With iOS7, the phone does many amazing things involving wifi, cellular data and gps to better serve the user, Apple, corporate advertisers and, who knows, probably the NSA. After a couple hours of intensive use you're likely to have used up a major part of your battery charge. I'm resigned to living in a surveillance state and have pretty much given up on the notion of privacy, but I do care about battery life. A lot. So I've been spending a lot of time finding out what features and settings to disable. Think I've finally got it figured out -- battery life seems back about where it was with my old phone.

I long ago started leaving my DSLR home most days in favor of a Nikon Coolpix. Now maybe I'll start leaving the Coolpix home in favor of the iPhone.

Monday, September 30, 2013

Madison's Elegant New Gallery Space

Diane Endres Ballweg Art Gallery
Downtown Madison has an elegant new gallery space, the Diane Endres Ballweg Art Gallery -- and it's on the third floor of the new Central Library. The opening exhibit was curated by artist, librarian and Central Library gallery coordinator Trent Miller. In the future, there are plans for juried shows there as well. Congratulations to Trent on a great job with the gallery and all the art and art installations throughout the new library. Art has been integrated throughout the library, and it's one of the most visible differences between the new and the old facility.

Sandhill Cranes in the Epic Oak Grove

Sandhill Cranes in the Epic Oak Grove
This pair of sandhill cranes has been gleaning the acorn harvest in the Epic Systems oak grove in Verona recently. They wander contentedly  with their heads to the ground, pecking and foraging in the grass, stopping now and then to groom their feathers. Usually one keeps a watchful eye on their surroundings while the other feeds, though sometimes they both have their heads down. Occasionally both look up and look around carefully. Their wariness has served them well. Sandhills have many predators but are also the oldest living birds. They go back at least 9 million years in their current form, and close relatives existed 60 million years ago, when dinosaurs still roamed the earth. They were here long before we were.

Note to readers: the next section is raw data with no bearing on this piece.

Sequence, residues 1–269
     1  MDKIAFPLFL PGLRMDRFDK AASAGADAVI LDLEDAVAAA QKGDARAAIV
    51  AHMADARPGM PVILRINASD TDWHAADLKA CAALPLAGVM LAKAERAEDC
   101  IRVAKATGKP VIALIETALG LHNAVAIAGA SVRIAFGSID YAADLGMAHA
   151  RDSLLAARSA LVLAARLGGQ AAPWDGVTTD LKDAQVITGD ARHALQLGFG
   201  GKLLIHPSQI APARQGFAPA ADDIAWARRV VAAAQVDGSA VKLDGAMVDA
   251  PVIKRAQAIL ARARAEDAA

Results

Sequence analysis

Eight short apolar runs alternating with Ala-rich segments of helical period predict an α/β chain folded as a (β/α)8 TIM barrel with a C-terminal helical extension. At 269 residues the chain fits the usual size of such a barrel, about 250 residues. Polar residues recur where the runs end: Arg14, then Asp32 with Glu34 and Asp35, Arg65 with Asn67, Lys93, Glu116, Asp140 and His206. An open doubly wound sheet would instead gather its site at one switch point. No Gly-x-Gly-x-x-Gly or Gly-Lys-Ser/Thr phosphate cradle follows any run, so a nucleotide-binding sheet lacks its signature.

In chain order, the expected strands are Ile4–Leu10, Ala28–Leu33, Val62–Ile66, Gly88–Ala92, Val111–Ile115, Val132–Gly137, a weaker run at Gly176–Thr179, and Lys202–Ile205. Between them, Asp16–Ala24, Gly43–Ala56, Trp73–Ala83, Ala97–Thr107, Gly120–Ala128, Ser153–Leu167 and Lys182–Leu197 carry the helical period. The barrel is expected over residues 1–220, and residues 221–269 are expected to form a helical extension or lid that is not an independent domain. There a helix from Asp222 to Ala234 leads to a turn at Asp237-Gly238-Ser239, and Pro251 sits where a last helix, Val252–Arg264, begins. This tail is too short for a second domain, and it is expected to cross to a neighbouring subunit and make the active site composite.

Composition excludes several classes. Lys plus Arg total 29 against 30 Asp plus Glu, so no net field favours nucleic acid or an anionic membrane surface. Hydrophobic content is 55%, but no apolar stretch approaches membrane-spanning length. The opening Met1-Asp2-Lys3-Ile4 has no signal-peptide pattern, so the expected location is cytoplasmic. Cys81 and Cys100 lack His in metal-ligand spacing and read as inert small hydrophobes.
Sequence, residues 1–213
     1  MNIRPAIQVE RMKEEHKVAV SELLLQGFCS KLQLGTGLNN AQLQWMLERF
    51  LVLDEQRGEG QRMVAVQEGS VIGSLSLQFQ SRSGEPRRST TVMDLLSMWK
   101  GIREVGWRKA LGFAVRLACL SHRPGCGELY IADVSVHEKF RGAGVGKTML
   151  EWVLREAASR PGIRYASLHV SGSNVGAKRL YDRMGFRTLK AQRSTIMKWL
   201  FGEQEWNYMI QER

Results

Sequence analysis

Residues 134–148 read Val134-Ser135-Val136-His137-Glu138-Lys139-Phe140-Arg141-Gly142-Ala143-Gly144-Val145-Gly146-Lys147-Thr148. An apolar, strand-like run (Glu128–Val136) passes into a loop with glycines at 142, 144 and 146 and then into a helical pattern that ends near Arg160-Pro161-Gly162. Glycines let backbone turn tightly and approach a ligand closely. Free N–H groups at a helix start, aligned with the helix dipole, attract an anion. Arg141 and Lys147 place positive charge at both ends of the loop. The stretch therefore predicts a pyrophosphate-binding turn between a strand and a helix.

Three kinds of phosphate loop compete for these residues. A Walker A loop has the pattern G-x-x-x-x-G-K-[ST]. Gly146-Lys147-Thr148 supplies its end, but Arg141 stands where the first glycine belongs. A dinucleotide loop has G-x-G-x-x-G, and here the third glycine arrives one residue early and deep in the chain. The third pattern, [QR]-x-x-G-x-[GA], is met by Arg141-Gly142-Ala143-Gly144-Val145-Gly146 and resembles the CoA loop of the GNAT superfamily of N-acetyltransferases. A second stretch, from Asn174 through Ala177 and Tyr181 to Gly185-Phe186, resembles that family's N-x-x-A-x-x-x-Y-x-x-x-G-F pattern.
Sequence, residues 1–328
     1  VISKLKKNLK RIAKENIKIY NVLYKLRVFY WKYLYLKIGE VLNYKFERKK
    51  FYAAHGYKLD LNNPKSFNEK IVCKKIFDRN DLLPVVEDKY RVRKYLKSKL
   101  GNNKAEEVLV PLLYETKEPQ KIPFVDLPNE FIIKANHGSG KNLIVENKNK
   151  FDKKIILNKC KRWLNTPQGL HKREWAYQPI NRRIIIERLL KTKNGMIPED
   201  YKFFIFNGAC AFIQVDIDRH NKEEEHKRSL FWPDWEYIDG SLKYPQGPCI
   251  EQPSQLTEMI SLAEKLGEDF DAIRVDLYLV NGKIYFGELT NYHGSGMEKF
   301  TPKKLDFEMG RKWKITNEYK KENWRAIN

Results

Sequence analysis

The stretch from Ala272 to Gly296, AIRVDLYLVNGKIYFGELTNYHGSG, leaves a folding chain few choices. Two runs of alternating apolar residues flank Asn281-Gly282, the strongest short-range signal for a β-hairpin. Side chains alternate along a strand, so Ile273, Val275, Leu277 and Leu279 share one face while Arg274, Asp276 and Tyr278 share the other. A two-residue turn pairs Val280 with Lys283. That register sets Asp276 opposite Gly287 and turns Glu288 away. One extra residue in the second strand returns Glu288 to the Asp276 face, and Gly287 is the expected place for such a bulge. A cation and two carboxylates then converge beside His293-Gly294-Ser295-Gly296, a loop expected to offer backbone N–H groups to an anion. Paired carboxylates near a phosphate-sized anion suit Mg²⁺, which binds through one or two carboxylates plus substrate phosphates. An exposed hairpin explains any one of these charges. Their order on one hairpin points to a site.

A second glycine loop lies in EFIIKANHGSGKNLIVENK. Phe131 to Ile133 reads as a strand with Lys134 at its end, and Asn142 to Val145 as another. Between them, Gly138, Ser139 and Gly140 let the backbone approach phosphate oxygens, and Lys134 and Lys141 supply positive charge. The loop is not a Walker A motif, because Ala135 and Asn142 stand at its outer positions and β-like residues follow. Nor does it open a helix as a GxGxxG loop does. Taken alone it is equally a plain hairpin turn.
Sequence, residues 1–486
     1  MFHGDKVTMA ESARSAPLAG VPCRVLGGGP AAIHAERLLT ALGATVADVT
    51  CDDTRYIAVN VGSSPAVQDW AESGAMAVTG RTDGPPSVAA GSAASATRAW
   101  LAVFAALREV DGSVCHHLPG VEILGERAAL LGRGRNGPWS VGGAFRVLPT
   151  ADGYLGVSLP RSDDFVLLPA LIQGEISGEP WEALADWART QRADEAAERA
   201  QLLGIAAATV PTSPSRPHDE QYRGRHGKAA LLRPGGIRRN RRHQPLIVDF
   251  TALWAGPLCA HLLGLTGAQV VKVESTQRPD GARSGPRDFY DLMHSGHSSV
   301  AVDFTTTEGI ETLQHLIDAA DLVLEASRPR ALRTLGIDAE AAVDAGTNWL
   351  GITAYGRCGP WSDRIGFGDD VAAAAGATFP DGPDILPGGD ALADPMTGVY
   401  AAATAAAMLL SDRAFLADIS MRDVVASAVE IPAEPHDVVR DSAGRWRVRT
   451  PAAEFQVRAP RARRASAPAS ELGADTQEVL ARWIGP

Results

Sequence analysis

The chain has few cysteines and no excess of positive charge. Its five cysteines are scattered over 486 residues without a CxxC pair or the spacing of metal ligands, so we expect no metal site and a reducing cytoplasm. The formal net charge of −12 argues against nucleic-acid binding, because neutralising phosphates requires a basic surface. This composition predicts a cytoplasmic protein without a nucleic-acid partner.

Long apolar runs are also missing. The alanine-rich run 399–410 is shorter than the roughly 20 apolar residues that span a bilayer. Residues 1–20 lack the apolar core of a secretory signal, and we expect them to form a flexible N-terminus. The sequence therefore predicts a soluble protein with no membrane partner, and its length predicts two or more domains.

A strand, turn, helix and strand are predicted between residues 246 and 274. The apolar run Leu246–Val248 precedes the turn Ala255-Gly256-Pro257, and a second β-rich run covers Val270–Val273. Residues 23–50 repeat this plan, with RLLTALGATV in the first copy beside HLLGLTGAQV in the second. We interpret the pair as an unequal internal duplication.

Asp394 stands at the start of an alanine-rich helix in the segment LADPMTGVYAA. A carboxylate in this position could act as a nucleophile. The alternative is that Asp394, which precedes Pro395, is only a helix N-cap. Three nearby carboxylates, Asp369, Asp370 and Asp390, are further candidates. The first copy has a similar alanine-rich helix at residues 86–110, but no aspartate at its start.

I love watching them and their graceful beauty. The best moment came a few days ago and was unphotographable because of the background vegetation. The two cranes, which had been slowly grazing side by side, stood up and turned to face each other. They seemed to be looking directly into each other's eyes. Their heads moved a bit closer and their beaks touched. It was like a kiss. I could only think as I watched them, "They're in love!" These magnificent creatures bond for life, and one couldn't help but feel how devoted to each other they are.

Monday, September 23, 2013

Living with art in Madison's new Central Library

Kicked Upstairs
I love the way art has been integrated into the new Madison Central Public Library. That includes Hieroglyph, one of my favorite works of public art in Madison. It has been kicked upstairs, where it keeps a watchful eye on  the roof garden of the new Central Library. The iconic abstract sculpture stood at the entrance of the old library, but there's no room at ground level for the sculpture, which a lot of folks hated and a smaller band of admirers, myself included, loved. I still do, and it's great to see it on public display again.